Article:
There are many varieties of Craigslist ticket scams that means that you have to be careful when purchasing tickets from anyone through Craigslist.
The tickets could be stolen or counterfeit or they could be priced far
beyond the face value. The tickets may even have been used at a previous,
An example of a Craigslist ticket scam is when a scammer legitimately buys a pair of tickets to a game or concert online using a service such as TicketMaster. TicketMaster gives the buyer the option of paying for shipping a set of real paper tickets, or electing for the free 'e-ticket' option.
E-tickets are basically an e-mail you receive from TicketMaster with a barcode at the bottom of the page that you then print out. You take the printouts to the game and they are scanned like any other ticket, and you are allowed entry into the game.
The other common Craigslist ticket scams are:
Scammers have figured out how to use a printer to print out fake tickets
that look like the real thing and then sell them to unsuspecting buyers.
Depending on the event, these tickets can cost hundreds, or in some cases, thousands of dollars. Some scammers will sell complete season tickets for a sporting team or concert series. But when the buyer tries to use them, they’re told that the tickets are fake.
This is the latest and greatest in the scammers’ world. The seller will buy
airline tickets with a credit card, then list the tickets for sale. As soon
as they have a buyer, they will cancel the sale which renders the tickets
worthless. But the buyer doesn’t know that and will believe they have a
legitimate ticket until they show up at the airport and are told that the
tickets were cancelled.
This leaves no recourse for the buyer because the airline didn’t sell them the tickets, the scammer did.
Do your research. If you can't find the tickets you need through an
authorized dealer (sold out show, etc.) and you need to turn to another
online ticket reseller, it's critical to research it thoroughly. If you're
looking to buy from a website selling tickets, start by checking reviews as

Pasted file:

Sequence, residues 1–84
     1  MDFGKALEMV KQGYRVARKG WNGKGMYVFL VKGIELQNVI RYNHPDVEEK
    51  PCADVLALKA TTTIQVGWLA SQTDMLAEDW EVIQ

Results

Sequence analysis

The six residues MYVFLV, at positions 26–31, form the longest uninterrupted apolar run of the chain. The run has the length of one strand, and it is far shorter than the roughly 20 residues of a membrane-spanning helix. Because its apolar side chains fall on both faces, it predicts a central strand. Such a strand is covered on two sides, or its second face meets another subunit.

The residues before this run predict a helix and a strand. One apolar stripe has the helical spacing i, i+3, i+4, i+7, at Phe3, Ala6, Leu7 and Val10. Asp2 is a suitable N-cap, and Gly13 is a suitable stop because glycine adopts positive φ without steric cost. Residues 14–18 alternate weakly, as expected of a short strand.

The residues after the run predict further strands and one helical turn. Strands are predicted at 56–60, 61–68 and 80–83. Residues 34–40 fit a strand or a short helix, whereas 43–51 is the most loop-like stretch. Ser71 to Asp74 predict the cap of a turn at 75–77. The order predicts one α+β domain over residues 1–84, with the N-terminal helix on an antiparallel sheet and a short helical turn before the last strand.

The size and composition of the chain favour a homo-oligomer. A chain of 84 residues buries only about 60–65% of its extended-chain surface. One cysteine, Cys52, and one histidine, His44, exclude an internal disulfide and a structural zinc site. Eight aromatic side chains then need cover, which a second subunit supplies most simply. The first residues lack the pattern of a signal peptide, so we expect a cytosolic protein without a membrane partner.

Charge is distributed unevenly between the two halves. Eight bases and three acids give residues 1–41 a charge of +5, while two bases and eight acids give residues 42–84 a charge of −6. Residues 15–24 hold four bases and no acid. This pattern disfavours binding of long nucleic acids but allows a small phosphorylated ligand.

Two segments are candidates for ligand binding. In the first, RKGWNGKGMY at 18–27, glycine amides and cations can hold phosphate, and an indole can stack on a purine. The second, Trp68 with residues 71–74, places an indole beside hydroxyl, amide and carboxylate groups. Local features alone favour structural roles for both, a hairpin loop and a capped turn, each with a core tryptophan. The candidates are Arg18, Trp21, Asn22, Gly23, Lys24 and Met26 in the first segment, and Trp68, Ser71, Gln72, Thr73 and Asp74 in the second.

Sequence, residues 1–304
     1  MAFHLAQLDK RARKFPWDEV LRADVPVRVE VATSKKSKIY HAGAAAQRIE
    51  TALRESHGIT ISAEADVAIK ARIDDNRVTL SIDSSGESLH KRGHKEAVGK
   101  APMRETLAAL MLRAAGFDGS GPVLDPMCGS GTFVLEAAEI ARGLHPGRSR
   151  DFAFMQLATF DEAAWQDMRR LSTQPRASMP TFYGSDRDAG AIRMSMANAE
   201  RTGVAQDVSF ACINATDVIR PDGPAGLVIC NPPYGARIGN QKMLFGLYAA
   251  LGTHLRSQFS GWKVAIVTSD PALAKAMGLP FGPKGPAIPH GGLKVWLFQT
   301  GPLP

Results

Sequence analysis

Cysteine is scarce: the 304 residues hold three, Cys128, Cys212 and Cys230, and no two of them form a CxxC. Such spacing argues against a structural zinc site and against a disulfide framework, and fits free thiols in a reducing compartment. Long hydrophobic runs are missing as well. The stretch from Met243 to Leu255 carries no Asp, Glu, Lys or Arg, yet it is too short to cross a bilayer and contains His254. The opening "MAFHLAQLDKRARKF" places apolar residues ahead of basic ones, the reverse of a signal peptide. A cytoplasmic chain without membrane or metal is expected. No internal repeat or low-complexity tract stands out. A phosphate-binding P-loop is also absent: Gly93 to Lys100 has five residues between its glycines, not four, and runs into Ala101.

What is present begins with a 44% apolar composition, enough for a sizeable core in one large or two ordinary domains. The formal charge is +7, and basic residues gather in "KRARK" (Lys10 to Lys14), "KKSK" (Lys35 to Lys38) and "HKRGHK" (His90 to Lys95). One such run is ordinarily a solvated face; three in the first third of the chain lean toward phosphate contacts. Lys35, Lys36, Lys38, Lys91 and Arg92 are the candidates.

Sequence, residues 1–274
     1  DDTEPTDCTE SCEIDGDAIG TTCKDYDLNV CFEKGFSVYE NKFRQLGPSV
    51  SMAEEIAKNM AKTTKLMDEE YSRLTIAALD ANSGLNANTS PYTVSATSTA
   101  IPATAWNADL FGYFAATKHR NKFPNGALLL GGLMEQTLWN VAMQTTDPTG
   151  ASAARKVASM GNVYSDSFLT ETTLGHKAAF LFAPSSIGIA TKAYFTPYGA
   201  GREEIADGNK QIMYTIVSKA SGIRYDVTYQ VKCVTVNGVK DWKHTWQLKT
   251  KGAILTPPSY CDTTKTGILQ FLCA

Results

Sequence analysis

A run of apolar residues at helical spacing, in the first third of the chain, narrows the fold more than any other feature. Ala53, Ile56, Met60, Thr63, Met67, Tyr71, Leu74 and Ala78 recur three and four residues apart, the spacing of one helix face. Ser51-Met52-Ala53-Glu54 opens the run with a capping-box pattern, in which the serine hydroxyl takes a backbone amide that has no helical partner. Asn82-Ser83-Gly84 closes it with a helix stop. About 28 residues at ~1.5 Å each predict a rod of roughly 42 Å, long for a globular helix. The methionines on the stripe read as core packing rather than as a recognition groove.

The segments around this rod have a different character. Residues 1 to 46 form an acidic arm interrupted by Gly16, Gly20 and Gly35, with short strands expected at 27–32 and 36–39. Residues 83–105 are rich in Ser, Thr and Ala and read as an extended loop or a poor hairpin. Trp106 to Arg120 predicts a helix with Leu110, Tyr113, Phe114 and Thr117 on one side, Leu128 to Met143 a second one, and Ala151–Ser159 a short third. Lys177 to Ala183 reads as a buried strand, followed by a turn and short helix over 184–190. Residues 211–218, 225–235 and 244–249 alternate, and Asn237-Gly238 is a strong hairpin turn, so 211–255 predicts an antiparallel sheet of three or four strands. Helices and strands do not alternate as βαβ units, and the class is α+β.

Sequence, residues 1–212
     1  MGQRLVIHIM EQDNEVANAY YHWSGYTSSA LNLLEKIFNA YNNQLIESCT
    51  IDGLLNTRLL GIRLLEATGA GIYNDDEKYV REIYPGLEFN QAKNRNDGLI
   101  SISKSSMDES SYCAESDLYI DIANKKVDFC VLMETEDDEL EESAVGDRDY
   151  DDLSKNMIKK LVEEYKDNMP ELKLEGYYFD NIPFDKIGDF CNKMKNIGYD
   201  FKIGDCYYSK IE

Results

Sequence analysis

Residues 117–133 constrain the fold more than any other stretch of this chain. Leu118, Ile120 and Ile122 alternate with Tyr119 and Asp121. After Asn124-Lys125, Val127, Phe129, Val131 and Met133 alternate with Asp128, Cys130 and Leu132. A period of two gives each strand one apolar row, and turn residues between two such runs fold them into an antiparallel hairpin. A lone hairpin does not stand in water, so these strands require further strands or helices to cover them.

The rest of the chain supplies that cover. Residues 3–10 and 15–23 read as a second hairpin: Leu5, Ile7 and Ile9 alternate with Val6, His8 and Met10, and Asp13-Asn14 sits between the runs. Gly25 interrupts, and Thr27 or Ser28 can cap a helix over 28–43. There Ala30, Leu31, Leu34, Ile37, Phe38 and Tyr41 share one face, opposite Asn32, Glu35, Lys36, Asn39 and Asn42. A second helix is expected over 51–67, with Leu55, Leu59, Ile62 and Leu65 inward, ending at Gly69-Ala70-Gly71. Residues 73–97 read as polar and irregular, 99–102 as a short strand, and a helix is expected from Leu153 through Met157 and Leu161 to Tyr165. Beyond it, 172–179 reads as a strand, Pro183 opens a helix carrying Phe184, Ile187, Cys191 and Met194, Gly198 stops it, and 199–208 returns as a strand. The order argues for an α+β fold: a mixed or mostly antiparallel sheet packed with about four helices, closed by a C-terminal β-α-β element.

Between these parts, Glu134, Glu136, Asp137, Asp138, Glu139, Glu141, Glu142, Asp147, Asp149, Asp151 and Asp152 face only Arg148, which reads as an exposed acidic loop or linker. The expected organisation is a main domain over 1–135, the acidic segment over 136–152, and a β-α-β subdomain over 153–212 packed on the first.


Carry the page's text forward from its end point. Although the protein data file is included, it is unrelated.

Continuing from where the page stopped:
its important to do things like inspecting the website for professionalism
(if there are spelling or grammatical mistakes, that should be a red flag),
and calling the business to talk to them (having no phone number should also
be a red flag).
You can also call the event producer to ask if the particular site is authorized to sell tickets. If you're buying on eBay, check seller feedback, just as if you're buying on Craigslist, try to find someone trustworthy with whom you can meet face-to-face.
Pay by credit card when possible, preferably a credit card with strong anti-fraud protection that will help you if you get scammed. Avoid tickets priced well below market. As usual, if a deal sounds too good to be true, it usually is.
1. Ask for a copy of the seller's invoice stating the tickets have been
completely paid for if you are buying an ENTIRE SEASON'S WORTH. If the whole
amount was not paid, the seller does not have tickets, they may still have
an invoice though. Check it carefully.
2. Ask the seller for their account #. It should match their name from the ticket rep and the tickets. The account # is on the top of the ticket.
Call the team or ticket agent and speak to the person's ticket rep and verify the person has an account and has tickets. People who have legitimate season tickets have no problem giving you their ticket reps name.
Always meet in person, if possible. Pay with a cashier's check versus a personal check as it protects your account information. If you pay without meeting, pay with PayPal as it protects you (especially if tickets are never sent or are fake) or send a bank check.
If the person is mailing you the tickets make sure you get some type of written receipt or contract via email stating when and how the tickets will be delivered/sent. Pay 1/2 now and the other 1/2 when the tickets are received. And make sure the person let's you know they got your money and they are sending the tickets and track your communication via email!